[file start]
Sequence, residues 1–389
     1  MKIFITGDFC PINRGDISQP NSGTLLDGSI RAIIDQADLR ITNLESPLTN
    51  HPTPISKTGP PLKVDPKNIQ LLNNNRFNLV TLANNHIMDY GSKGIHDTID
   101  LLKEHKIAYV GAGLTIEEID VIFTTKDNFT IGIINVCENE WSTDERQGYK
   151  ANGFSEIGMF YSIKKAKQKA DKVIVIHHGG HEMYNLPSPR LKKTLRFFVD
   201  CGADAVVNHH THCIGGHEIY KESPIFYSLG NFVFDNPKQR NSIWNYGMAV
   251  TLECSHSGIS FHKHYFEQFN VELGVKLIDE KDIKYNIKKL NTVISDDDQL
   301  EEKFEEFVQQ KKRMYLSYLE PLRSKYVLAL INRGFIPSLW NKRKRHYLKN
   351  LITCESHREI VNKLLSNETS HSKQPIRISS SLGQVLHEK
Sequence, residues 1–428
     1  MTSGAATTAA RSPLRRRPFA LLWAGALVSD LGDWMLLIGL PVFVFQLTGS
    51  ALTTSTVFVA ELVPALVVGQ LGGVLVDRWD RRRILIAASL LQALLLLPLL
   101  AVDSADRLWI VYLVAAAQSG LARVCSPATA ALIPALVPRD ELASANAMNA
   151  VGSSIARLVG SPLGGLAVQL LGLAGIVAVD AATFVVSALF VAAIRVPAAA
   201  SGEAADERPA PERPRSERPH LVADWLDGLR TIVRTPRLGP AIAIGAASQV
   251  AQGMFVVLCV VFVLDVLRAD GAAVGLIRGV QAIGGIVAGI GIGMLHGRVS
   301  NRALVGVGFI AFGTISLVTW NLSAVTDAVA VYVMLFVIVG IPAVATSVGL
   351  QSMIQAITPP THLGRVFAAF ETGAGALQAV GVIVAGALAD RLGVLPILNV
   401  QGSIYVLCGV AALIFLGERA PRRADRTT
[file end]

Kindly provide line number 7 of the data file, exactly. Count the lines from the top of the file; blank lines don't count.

   251  TLECSHSGIS FHKHYFEQFN VELGVKLIDE KDIKYNIKKL NTVISDDDQL